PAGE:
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Periodic Report Summary 1 - CHEMBIO_ATG (Chemical biology of autophagy)

Autophagy is a cellular pathway that regulates the degradation and recycling of proteins and organelles. A normal function of this process is crucial to maintain cell survival under starving conditions, to prevent pathogen infection or to eliminate protein aggregates. However, there are growing evidences that a malfunctioning of autophagy is also related with several pathologies and associated with aging.
LC3 is the best characterized marker of autophagy. This protein exists in two forms, a soluble LC3-I and a lipidated LC3-II, bearing a phosphatidylethanolamine (PE) unit, that associates with the membrane of the autophagosome and regulates its elongation and closure.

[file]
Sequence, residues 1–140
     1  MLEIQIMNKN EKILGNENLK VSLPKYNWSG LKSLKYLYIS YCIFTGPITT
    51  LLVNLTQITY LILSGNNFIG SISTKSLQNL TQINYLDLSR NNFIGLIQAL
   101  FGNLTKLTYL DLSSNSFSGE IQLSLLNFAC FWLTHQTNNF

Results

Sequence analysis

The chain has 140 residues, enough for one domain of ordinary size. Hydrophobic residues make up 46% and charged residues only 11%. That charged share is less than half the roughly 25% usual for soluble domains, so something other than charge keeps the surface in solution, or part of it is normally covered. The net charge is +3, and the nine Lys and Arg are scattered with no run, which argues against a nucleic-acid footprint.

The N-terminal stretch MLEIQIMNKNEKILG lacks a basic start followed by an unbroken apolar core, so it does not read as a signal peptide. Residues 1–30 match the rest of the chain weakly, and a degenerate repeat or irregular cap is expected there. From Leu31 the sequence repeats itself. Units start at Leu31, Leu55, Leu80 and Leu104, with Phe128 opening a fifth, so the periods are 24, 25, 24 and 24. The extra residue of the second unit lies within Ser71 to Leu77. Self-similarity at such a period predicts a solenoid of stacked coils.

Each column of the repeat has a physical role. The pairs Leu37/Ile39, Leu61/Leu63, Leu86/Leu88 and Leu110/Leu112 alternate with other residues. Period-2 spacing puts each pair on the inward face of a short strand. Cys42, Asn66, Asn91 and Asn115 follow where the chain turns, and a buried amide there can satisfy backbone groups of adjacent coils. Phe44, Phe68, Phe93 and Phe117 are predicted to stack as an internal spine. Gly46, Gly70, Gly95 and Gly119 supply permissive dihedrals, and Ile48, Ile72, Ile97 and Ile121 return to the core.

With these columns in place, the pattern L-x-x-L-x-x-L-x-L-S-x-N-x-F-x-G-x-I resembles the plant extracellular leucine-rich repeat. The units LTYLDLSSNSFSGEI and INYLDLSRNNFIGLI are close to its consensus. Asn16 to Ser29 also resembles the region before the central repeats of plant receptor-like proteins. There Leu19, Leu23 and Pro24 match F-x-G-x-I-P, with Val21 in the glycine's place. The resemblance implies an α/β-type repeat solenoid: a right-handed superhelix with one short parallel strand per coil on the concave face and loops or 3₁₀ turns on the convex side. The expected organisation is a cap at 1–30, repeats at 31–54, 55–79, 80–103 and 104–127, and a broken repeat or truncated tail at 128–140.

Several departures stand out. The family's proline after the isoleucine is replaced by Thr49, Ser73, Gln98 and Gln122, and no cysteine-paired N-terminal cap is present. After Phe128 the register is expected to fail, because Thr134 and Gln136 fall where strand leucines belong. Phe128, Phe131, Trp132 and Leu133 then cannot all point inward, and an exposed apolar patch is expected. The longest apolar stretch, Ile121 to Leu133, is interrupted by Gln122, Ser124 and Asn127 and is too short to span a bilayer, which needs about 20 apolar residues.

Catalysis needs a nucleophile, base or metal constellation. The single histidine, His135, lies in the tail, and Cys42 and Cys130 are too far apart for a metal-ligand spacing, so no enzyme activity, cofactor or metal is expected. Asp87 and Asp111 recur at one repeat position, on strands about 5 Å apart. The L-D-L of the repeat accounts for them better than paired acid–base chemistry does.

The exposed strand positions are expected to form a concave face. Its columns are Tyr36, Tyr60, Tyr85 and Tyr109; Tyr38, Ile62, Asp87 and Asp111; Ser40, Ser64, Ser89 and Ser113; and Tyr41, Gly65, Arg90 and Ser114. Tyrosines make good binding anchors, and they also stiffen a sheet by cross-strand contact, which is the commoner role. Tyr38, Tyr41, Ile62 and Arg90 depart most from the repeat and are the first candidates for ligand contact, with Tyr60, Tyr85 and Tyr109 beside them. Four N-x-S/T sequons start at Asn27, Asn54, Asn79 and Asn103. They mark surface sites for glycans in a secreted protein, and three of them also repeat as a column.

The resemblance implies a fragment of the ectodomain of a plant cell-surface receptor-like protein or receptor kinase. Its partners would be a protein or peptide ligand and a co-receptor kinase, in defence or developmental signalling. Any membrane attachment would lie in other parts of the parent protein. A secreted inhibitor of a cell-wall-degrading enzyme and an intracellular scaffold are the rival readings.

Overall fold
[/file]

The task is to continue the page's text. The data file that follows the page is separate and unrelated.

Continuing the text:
The main goal of this project was the development of a chemical biology approach that enables the characterization of the mechanism controlling autophagy with special emphasis on the lipidation and delipidation processes regulating LC3 function and localization. With this aim, we have generated a semisynthetic lipidated LC3 protein and it has been employed to investigate the function of LC3-II in membrane tethering and fusion processes. Moreover, we are setting up a mass-based approach to characterize the lipids present in LC3-II. Future work will be directed to correlate the possible lipid diversity identified at PE-units with the membrane association properties of LC3-II.

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Life Sciences